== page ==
Is WikiLeaks a news outlet? The answer to that question could determine the direction of online news. The New York Times, you’ll recall, was able to claim privileges of the Fourth Estate when it published the classified Pentagon Papers decades ago. Does that privilege also extend to an organization whose chief purpose is to spew classified information from servers around the world?
NPR had a fascinating interview today with Floyd Abrams, the guy who defended the NYT back then, and he made a compelling case that WikiLeaks could potentially be prosecuted under the U.S. Espionage Act of 1917, which bars “unauthorized” people from possessing classified information ”they have reason to believe could be used to the injury of the United States”.
That, in fact, is exactly what WikiLeaks chief Julian Assange wants to do: hurt the United States. The NYT could (and did) argue that it published the Pentagon Papers for the greater good.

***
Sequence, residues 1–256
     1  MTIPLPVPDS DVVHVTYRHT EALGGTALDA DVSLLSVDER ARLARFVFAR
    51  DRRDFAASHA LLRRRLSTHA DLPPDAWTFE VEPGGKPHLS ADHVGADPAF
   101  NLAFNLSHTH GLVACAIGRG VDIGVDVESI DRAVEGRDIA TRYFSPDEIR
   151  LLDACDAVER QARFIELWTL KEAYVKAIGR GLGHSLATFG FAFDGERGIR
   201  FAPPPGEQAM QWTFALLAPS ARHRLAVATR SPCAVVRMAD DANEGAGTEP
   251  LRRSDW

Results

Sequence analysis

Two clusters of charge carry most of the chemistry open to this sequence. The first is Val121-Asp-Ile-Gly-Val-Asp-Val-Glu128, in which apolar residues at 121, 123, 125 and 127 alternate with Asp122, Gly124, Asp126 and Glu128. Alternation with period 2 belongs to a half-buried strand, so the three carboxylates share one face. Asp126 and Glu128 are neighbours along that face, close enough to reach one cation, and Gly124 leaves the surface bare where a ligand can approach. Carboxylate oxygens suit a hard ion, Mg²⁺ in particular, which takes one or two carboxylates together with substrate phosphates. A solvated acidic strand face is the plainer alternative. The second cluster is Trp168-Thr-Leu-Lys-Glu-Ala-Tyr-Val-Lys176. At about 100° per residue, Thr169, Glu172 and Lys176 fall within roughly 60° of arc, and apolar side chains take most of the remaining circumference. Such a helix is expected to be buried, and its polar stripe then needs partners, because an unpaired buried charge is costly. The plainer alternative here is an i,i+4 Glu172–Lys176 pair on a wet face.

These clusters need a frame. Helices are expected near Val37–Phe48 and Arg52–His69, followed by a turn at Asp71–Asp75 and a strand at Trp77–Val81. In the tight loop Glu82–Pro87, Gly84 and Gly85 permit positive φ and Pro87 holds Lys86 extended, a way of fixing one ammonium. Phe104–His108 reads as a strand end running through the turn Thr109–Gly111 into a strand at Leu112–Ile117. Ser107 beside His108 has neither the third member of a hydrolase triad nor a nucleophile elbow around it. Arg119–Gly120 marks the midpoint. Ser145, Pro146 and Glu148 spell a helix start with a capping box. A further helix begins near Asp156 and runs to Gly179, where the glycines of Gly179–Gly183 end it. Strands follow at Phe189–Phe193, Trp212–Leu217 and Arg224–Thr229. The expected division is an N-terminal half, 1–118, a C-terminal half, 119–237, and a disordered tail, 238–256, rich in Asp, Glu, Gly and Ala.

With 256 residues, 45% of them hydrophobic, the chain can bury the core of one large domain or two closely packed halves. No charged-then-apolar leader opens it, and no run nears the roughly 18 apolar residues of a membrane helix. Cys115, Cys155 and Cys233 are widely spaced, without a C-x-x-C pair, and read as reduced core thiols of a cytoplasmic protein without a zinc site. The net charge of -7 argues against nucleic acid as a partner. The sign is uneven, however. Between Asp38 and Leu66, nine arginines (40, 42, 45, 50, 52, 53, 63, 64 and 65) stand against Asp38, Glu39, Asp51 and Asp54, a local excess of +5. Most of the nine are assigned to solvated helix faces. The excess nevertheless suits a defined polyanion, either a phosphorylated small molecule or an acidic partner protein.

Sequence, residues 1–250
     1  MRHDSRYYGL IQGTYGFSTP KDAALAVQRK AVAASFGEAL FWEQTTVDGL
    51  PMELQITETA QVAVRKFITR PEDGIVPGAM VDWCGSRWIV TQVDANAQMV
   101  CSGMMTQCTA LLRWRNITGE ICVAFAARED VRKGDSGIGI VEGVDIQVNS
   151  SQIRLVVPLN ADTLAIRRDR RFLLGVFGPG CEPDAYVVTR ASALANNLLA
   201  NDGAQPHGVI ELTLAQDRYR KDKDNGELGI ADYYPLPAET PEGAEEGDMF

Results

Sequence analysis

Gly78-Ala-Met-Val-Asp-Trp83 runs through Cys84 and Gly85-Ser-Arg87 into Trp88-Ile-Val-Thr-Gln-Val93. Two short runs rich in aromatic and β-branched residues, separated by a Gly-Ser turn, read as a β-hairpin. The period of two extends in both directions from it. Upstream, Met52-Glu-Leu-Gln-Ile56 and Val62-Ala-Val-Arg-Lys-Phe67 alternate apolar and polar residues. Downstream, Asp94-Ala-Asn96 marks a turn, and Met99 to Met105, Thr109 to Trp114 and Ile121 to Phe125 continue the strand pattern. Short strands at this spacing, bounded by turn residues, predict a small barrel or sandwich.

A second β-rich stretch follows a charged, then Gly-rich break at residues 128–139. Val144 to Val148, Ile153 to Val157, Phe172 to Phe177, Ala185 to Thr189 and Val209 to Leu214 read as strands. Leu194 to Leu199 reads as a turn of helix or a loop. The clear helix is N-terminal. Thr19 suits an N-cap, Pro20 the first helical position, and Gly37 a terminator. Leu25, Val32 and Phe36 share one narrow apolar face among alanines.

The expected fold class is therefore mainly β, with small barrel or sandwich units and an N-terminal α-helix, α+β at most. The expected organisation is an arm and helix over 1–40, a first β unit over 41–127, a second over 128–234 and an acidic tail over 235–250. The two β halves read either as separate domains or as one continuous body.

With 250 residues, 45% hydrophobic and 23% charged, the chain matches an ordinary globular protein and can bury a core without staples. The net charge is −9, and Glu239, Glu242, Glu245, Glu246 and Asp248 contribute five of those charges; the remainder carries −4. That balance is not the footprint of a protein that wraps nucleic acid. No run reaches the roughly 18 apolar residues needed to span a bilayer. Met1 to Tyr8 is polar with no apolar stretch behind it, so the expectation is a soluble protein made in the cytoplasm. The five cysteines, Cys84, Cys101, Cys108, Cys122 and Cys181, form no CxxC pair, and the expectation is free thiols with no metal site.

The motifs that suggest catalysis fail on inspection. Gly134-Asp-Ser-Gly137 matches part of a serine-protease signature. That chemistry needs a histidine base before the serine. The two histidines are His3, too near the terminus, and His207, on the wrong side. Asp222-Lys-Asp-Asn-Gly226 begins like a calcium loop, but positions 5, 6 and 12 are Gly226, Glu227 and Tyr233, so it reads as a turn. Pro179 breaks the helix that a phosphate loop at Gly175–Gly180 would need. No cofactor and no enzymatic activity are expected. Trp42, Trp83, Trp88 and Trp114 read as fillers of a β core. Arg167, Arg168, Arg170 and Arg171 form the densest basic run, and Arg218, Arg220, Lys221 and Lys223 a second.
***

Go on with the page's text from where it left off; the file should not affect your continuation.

It’s one thing to go after the U.S. for prosecuting a controversial war in Afghanistan. It’s another to publish every diplomatic message you can get your hands on, especially if it strains or fractures U.S. relationships with allies all over the world.
If the Justice Dept. goes after Assange (once Sweden’s done accusing him of rape), it will be interesting to see how the courts and free speech advocates deal with it.
Floyd Abrams Interview: http://n.pr/e2VPRd